Be Inspired by Southern Living
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Southern_Hospitality1 of 16
Down Home2 of 16
According to Bierman, Southern interior design boils down to one simple definition: "relaxed elegance." The notion of southern hospitality embodies the personality of not only the people, but also the home decor. "There is a grace, gentility and a warmth that we associate with southerners in general," he says, pointing out the little touches, like fabric pulls on this antique dresser.
Country Chic3 of 16
"The homes have big personalities and so do the owners," says Bierman. "Bold moves in term of scale, size, pattern and color." This gutsy wallpaper, featuring a traditional damask print, contrasts surprisingly well with the warm, rural feel of the high-traffic sea grass rug and worn bench.
Penchant For The Past4 of 16
While holding on to their time-honored customs and aesthetic, southerners, says Bierman, are not afraid of change, as evidenced in this kitchen nook. "The bulk of our audience is really interested in how to give traditional interiors a twist," he insists, noting how the modern, gilded mirror is contrasted with the antique plates and bench-style seating.
Style Integration5 of 16
Infusing the grace and charm of Southern living into your own home doesn't require a complete overhaul. "Mix the inherited with the new, and it instantly makes the room feel less stuffy," he says. Here, a floral canopy bed is updated with modern chrome posters, and a desk is created from workroom leftovers.
What's Old Is New6 of 16
One of the biggest trends across the nation is the elimination of the dining room. Everywhere, that is, except the South. "Living rooms and dining rooms—proper seating areas that are good for entertaining—are always going to be popular here. You'll never see a decline in those in the South." Instead of creating man caves, homeowners, says Bierman, are hanging on to the formal living room and "just coming up with new ways to use it."
Color Me Happy7 of 16
In this Houston dining room, French chateau meets cozy charm with a daring mix of old and new. An antique French mirror looks right at home with a turquoise upholstered bench and the iconic Eames side chairs. "If you look at old southern houses, like Virginia homes in the 1800s, there's bright trim and bold color and pattern. Everyone is just so inspired and drawing from that rich history now."
In The Family8 of 16
The most accessible takeaway from down-home decor is the presentation of family heirlooms. In this Florida kids' room, the owners repurposed the past with bold color contrasts. Grandmother's quilts are the basis for the room's color palette, and an antique footstool was repainted to match. "Think about new ways to use old things," says Bierman. "Many times it's reinvented simply by being put in an entirely different context."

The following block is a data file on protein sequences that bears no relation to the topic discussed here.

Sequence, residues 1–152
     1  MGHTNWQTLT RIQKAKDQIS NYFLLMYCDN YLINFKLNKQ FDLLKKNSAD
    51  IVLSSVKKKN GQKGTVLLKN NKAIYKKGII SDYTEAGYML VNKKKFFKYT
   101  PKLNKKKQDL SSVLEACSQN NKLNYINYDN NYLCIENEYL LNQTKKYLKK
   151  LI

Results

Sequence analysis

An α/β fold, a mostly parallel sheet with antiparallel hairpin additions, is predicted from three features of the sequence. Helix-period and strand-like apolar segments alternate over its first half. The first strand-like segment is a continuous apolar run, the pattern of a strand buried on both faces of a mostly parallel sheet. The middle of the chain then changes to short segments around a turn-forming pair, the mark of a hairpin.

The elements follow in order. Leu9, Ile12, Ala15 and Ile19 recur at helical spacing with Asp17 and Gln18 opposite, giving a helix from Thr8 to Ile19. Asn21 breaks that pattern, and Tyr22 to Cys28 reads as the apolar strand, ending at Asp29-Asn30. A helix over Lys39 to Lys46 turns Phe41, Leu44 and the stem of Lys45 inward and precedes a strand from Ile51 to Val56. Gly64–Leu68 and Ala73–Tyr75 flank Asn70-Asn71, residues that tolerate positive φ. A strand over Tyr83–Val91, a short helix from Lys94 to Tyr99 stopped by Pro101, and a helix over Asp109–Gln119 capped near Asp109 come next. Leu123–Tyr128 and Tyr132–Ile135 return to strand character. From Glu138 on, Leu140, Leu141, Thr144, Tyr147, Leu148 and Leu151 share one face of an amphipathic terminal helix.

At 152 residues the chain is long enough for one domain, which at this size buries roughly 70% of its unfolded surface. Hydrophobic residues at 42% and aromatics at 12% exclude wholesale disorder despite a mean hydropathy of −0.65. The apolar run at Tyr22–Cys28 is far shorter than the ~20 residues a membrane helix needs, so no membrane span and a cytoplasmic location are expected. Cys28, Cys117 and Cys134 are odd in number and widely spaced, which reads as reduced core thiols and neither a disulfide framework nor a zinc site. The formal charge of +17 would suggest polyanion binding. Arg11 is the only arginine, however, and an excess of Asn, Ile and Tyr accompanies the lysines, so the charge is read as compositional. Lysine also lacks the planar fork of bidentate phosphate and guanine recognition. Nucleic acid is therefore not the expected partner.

Bath Time9 of 16
Instead of confining antiques and heirlooms to the formal spaces, consider the unexpected delight of hanging them in the bathroom. In this master bath, art finds a home. Bierman says this is a reflection of southern decor being "still deeply rooted in tradition, but now it feels much more approachable and relatable."
Blast From The Past10 of 16
"The funny thing is that the old American timeless designs are being re-imagined here in the South," says Bierman of this use of chalkboard paint used to transform an otherwise bland door. Reminiscent of the one-room U.S. schoolhouses of the past, "it's about recycling and the best coming back."
A Fresh Coat11 of 16
An old pine chest was given new life in a high-gloss orange and was grounded with organic accessories. "It's important to take those inherited pieces and do something to them," says Bierman, "whether it's relining the drawers, adding detailing or changing the hardware to make it your own."
Do Dare12 of 16
Instead of the paisley-possessed decor of the midcentury South, Bierman says, modern homes in Dixie land are masters of mixing materials and styles. In this room, a shelving unit was transformed into a feminine workstation. "Gilded finishes always look good against something organic like linen, burlap or botanical prints," he says.
Easy Living13 of 16
In the same vein of blending styles, this country kitchen features state-of-the-art appliances and an overall glossy appearance. However, the owner "contrasted with something slip-covered, which makes it feel more relaxed and looser," says Bierman. "It's nice and functional. Something well-worn against something sleek."
Time Traveler14 of 16
A four-poster is injected with personality thanks to a blend of antiques with modern, bold geometric patterns. "The room starts with a really fine antique, but it is made very comfortable and pretty in a fresh modern way," says Bierman. The tones show an elegant restraint, and they allow the vintage bed to still be the focal point.
Got It Covered15 of 16
"There's a certain fearlessness with the younger generation of designers and homeowners, because they are exposed to so much more design through blogs and websites," says Bierman. This lackluster wood side table was given a facelift with grass cloth and new hardware. "They just have much more access to inspiration than they did in the past."
Common Ground16 of 16
"The key when you blend eras: make sure that you're unifying the color or material," advises Bierman. "If it's a modern chair with a walnut frame, then it'll unify with other pieces that are antique and made out of wood of the same finish or stain. That way, it creates a harmony even though you're mixing styles." Despite the wide variety of designs, the common element of this room is, most notably, the bright white color of every furnishing.